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From |
"Joseph J. Bakker" <joe.stata@gmail.com> |

To |
statalist@hsphsun2.harvard.edu |

Subject |
Re: st: fixed effects glm - fractional dependent variable |

Date |
Tue, 31 Jul 2012 14:59:43 +0200 |

point taken. On Mon, Jul 30, 2012 at 4:03 PM, Steve Samuels <sjsamuels@gmail.com> wrote: > > Please note: > > "You are asked to post on Statalist using your full real name. This is a long-standing practice on Statalist. Giving full names is one of the ways in which we show respect for others." > > > > > > On Jul 30, 2012, at 4:09 AM, joe j wrote: > > Thank you very much Jeff, > > Somehow I missed your message, but nevertheless I ended up using the > solution you suggested (thanks to the paper, Papke, L.E., J.M. > Wooldridge (2008) Panel data methods for fractional response variables > with an application to test pass rates Journal of Econometrics 145: > 121–133). I used time averages, as well as time dummies. As you > indicate, the results from both glm and xtgee were quite similar. > > However, my data is unbalanced. Are your solutions for unbalanced data > available yet? > > Best, > Joe. > > On Sun, May 13, 2012 at 11:10 PM, Jeffrey Wooldridge > <jmwooldridge60@gmail.com> wrote: >> proposes a correlated random effects approach. As you suspect, putting >> in cross-sectional dummies introduces an incidental parameters problem >> (not to mention the computational problem). If you have a balanced >> panel you put in the time averages. With unbalanced panels it is >> trickier but I have recently worked on some solutions. >> >> We used xtgee and glm in our panel data work and found that, even >> though glm does not exploit the panel structure, it was almost as >> efficient. The important decision was including the time averages to >> control for the heterogeneity being correlated with the time-varying >> covariates. >> >> Jeff >> >> On Fri, Mar 30, 2012 at 4:26 AM, joe j <joe.stata@gmail.com> wrote: >>> Thanks for the link. There is indeed some discussion on this topic. >>> Joe. >>> >>> On Thu, Mar 29, 2012 at 8:47 PM, Anders Alexandersson >>> <andersalex@gmail.com> wrote: >>>> I do not have an answer to your question but -glm- ignores that you >>>> have panel data. >>>> For example, see http://www.stata.com/statalist/archive/2012-01/msg00595.html >>>> >>>> Anders Alexandersson >>>> andersalex@gmail.com >>>> >>>> >>>> >>>> >>>> On Mar 29,, joe j <joe.stata@gmail.com> wrote: >>>>> I have a panel data with the dependent variable being a faction, >>>>> including some zeros (about 1%) and ones (about 10%). These 0s and 1s >>>>> are real outcomes indeed (that is, not the results of censoring). >>>>> >>>>> So I am going in favor of a glm model as proposed in the literature >>>>> (e.g. Papke, Leslie E. and Jeffrey M. Wooldridge. 1996. Econometric >>>>> Methods for Fractional Response Variables with an Application to >>>>> 401(k) Plan Participation Rates. Journal of Applied Econometrics >>>>> 11(6):619-632.): >>>>> >>>>> "glm dependent_variable independent_variable, family(binomial) >>>>> link(logit) robust" >>>>> >>>>> What I would like to do is run a fixed effect model. However, there >>>>> are too many dummy variables to create (over 16,000 in a sample of >>>>> over 40,000 observations); moreover, I am not sure dummy variable >>>>> approach is appropriate given the non-linear nature of the model. >>>>> >>>>> My first thought was to use: >>>>> >>>>> vce(cluster panel_variable) >>>>> >>>>> Is that the closest I could get to a fixed effect model? >>>> >>>> * >>>> * For searches and help try: >>>> * http://www.stata.com/help.cgi?search >>>> * http://www.stata.com/support/statalist/faq >>>> * http://www.ats.ucla.edu/stat/stata/ >>> >>> * >>> * For searches and help try: >>> * http://www.stata.com/help.cgi?search >>> * http://www.stata.com/support/statalist/faq >>> * http://www.ats.ucla.edu/stat/stata/ >> >> * >> * For searches and help try: >> * http://www.stata.com/help.cgi?search >> * http://www.stata.com/support/statalist/faq >> * http://www.ats.ucla.edu/stat/stata/ > > * > * For searches and help try: > * http://www.stata.com/help.cgi?search > * http://www.stata.com/support/statalist/faq > * http://www.ats.ucla.edu/stat/stata/ > > > * > * For searches and help try: > * http://www.stata.com/help.cgi?search > * http://www.stata.com/support/statalist/faq > * http://www.ats.ucla.edu/stat/stata/ * * For searches and help try: * http://www.stata.com/help.cgi?search * http://www.stata.com/support/statalist/faq * http://www.ats.ucla.edu/stat/stata/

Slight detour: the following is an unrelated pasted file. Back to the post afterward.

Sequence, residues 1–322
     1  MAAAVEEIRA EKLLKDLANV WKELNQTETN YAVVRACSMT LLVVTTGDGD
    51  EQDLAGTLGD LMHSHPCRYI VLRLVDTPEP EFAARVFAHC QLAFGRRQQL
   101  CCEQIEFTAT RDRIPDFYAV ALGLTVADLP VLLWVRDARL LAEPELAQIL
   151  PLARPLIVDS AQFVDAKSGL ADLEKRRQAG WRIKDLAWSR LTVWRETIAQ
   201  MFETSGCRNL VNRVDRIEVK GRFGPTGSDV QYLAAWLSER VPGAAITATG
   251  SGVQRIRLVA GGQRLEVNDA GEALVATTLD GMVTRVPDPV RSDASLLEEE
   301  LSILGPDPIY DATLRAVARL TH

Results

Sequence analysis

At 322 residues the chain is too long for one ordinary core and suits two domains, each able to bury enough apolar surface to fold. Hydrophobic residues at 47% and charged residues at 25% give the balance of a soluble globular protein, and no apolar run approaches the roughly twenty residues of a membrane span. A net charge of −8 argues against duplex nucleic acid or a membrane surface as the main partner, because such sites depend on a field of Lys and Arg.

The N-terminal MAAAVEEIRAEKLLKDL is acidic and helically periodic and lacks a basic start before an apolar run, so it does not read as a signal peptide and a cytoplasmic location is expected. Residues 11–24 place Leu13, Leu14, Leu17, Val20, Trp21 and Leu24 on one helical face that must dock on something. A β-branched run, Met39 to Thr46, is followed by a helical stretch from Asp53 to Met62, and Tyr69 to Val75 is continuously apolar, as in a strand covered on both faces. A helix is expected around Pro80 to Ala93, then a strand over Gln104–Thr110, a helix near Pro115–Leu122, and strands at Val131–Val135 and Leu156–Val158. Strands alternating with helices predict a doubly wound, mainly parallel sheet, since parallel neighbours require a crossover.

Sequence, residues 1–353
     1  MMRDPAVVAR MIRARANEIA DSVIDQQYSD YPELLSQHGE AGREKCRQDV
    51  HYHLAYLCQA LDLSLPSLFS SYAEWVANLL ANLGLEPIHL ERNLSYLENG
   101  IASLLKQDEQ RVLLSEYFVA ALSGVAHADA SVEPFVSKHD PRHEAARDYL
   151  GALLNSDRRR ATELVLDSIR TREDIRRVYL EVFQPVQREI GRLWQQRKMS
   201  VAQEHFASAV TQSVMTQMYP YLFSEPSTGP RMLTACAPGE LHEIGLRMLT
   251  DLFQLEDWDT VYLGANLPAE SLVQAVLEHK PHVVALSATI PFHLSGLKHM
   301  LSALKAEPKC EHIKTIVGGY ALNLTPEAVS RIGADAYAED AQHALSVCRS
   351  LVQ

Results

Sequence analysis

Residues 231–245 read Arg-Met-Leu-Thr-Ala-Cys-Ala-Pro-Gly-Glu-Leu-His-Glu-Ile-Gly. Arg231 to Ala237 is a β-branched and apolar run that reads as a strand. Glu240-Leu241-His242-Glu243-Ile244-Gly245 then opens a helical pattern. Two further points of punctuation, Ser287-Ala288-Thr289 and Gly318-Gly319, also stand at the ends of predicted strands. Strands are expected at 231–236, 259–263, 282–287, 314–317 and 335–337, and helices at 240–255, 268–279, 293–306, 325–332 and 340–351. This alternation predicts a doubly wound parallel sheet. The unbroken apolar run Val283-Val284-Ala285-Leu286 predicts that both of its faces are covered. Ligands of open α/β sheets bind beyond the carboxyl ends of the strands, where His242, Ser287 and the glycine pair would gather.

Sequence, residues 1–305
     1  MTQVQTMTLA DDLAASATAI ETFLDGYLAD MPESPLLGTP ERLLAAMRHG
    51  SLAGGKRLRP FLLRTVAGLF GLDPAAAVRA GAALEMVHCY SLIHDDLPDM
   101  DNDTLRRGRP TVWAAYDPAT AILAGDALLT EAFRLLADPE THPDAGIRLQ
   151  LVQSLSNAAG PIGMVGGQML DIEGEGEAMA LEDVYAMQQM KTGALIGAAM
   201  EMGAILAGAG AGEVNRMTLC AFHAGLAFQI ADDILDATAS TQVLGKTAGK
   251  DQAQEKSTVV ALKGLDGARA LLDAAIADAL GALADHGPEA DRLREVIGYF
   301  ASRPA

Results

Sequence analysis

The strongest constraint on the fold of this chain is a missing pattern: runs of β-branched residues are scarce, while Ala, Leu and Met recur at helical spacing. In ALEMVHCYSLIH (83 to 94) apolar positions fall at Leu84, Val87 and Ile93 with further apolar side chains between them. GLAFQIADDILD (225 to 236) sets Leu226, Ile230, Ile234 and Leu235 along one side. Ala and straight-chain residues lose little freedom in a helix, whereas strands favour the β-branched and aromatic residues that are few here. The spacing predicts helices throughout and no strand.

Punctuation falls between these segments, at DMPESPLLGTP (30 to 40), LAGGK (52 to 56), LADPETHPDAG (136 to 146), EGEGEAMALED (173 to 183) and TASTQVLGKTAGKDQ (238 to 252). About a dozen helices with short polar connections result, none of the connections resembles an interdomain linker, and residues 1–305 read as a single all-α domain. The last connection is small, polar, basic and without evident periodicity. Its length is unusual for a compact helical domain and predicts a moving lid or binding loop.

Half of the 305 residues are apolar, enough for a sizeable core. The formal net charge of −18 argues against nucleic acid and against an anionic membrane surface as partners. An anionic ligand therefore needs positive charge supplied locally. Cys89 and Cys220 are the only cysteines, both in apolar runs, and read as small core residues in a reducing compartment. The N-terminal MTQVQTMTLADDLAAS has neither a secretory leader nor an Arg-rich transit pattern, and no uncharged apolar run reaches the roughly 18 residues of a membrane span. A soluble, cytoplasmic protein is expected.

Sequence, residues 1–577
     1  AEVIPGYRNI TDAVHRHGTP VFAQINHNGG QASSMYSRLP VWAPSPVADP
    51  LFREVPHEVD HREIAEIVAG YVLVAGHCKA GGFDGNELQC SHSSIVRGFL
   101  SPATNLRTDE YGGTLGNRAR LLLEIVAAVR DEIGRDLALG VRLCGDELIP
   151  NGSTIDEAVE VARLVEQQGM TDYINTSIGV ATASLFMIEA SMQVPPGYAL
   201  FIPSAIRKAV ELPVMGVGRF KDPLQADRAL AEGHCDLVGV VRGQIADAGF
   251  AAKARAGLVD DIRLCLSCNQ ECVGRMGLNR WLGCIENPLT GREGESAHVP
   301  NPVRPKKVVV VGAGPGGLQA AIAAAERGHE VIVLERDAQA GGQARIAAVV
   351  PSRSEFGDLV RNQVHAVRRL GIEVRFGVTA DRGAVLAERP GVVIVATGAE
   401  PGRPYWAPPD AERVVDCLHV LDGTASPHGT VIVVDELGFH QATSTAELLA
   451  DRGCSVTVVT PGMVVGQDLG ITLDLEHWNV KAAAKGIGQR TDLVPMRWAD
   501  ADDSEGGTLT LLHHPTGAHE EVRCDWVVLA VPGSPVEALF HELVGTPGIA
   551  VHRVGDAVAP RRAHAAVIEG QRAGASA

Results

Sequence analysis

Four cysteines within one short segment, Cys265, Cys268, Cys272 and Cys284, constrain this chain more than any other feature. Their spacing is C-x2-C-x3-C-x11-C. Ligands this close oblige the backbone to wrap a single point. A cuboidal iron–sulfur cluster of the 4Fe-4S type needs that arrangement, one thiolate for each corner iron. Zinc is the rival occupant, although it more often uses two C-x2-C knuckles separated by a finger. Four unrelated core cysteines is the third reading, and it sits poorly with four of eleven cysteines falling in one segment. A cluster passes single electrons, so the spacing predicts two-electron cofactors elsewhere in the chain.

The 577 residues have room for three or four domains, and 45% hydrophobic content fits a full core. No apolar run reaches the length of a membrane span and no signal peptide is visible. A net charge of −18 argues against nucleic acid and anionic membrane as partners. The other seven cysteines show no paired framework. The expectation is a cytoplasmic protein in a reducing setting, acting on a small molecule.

**References**:**Re: st: fixed effects glm - fractional dependent variable***From:*joe j <joe.stata@gmail.com>

**Re: st: fixed effects glm - fractional dependent variable***From:*Steve Samuels <sjsamuels@gmail.com>

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